Double Royal Society of Chemistry award success

University of Liverpool researchers are celebrating a double success as they receive two prestigious awards from the Royal Society of Chemistry.

RSC Tilden Prize

Professor Alessandro Troisi, from the Department of Chemistry and the Materials Innovation Factory, is the recipient of the Royal Society of Chemistry’s Tilden Prize awarded in recognition of brilliance in research and innovation.

Professor Troisi won the prize for the development of theoretical methods to explain and predict the electronic and optical properties of organic materials.

The focus of Professor Troisi’s research is to aid the process of discovering new materials by providing reliable predictions about the electronic and optical properties of organic materials. To do this, he uses theoretical methods from physical chemistry, high-performance computing and, increasingly, machine learning.

Professor Alessandro Troisi

Professor Troisi said: “To survive our emotionally demanding job as scientists, we forget very quickly the failures and, surprisingly, also the successes. I feel, however, that this award is different. Weeks after hearing the news, I am still delighted about it, and I can’t thank the RSC enough.”

Professor Troisi receives £5000 and a medal.

RSC Horizon Prize

A collaborative research team that discovered the anti-Wolbachia (A∙WOL) drug, led by University of Liverpool medicinal chemist Professor Paul O’Neill, has been awaarded the Royal Society of Chemistry’s Horizon Prize, which celebrates discoveries and innovations that push the boundaries of science.

The A∙WOL antifilarial drug discovery team is a collaboration between researchers from the University of Liverpool, Liverpool School of Tropical Medicine, Imperial College London, University of Bonn and industrial partners from Astra Zeneca and Eisai Ltd.

The A∙WOL antifilarial drug discovery team

The team received the prize for the discovery of fast-acting, highly specific anti-Wolbachia candidates for the oral treatment of human filariasis.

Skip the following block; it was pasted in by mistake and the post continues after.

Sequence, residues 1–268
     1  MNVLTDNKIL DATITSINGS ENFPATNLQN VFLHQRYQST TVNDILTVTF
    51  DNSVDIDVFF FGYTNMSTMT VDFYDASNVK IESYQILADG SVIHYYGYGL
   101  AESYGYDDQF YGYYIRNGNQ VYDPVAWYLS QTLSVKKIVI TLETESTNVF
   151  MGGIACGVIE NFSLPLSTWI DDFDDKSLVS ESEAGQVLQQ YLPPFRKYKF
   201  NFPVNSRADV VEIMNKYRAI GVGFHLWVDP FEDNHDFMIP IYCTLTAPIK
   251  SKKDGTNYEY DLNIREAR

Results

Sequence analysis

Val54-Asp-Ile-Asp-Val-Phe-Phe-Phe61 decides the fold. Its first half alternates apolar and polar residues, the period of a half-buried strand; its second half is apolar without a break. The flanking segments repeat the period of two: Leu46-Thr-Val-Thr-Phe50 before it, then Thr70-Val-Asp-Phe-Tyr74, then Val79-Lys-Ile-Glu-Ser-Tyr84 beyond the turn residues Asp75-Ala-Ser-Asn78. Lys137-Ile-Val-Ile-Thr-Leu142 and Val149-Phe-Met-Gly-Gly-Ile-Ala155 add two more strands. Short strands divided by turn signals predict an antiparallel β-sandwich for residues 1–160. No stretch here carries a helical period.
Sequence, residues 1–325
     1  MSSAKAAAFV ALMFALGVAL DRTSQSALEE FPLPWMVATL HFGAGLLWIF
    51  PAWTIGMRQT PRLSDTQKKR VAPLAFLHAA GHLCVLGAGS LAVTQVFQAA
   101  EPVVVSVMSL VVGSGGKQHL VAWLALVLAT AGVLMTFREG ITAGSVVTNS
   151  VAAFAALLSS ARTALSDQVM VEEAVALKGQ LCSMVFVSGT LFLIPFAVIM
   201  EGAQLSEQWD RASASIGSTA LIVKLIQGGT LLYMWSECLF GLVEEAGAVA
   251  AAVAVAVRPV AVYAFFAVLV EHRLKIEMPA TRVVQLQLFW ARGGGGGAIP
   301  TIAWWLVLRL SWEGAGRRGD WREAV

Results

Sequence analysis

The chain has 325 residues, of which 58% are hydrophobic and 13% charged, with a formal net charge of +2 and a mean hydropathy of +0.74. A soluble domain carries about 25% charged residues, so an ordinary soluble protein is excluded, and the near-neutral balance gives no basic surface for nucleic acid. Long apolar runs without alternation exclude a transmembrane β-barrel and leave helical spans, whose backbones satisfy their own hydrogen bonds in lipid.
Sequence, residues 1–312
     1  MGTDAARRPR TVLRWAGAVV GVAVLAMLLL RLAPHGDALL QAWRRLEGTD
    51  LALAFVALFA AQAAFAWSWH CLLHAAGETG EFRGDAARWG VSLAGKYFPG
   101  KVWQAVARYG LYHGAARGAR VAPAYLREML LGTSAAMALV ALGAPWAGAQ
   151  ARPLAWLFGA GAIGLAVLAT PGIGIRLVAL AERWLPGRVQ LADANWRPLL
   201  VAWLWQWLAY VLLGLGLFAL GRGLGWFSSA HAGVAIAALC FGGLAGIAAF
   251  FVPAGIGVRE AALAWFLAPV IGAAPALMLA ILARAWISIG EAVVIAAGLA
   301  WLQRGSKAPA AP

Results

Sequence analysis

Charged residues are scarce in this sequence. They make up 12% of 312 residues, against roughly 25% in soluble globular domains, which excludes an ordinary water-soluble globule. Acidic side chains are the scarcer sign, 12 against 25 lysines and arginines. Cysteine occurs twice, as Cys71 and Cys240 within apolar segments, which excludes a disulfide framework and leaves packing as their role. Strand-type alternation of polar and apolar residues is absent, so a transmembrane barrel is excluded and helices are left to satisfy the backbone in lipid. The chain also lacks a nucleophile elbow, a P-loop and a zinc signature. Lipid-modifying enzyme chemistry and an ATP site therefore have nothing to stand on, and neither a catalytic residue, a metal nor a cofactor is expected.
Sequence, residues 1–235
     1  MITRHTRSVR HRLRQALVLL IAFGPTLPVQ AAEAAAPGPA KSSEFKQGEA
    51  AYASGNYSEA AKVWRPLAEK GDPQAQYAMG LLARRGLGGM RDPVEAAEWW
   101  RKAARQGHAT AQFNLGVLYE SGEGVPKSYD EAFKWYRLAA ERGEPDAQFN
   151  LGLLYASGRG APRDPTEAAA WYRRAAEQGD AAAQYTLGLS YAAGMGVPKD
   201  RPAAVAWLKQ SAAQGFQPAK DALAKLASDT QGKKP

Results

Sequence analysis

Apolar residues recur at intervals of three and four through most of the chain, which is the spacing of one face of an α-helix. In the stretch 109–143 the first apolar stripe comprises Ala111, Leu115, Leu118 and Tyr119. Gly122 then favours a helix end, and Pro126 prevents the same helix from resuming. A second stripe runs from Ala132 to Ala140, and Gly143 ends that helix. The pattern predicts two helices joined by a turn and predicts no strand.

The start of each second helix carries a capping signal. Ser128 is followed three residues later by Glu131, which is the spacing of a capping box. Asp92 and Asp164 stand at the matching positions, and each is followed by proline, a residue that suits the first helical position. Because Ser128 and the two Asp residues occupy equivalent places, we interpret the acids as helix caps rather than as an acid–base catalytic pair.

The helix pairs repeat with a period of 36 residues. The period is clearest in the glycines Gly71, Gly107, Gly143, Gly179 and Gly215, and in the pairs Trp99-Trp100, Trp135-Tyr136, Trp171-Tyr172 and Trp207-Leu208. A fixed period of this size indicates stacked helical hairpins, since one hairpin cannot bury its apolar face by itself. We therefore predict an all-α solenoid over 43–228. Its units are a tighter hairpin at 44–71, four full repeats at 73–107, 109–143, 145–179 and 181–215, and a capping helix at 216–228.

They will receive a trophy and a video showcasing their work, and each team member receives a certificate.

Lymphatic filariasis (elephantiasis) and onchocerciasis (river blindness) cause severe disability and affect more than 117 million people globally, ranking them as one of the leading causes of global morbidity. These two neglected tropical diseases (NTDs) are caused by long-lived (10–14 years) parasitic nematodes (roundworms).

The filarial worms rely on a special type of bacteria, Wolbachia. The Liverpool team was the first to show that targeting Wolbachia with the antibiotic doxycycline leads to the permanent sterilisation of adult female parasites and the gradual death of the adult worm.

The team’s collaborative drug discovery research has led to the first synthetic drug candidate, AZ1066.

This drug aims to offer a shorter treatment compared to current options and entered clinical trials in 2022. They have also identified several promising starting points for new medications and is working with Astra Zeneca to understand how these new chemical classes can eliminate Wolbachia within the worms.

Professor Paul O’Neill said: “We are delighted to receive this award for our collaborative research, which has allowed us to discover a first-in-class synthetic Anti-Wolbachia (AWOL) drug candidate against filarial diseases and a portfolio of distinctive fast-acting lead molecules for further chemical optimisation.”

The Royal Society of Chemistry’s prizes have recognised excellence in the chemical sciences for more than 150 years.

This year’s recipients join a prestigious list of past winners in the RSC’s prize portfolio, 60 of whom have gone on to win Nobel Prizes for their work, including 2022 Nobel laureate Carolyn Bertozzi and 2019 Nobel laureate John B Goodenough.

For more information about the RSC’s prizes portfolio, visit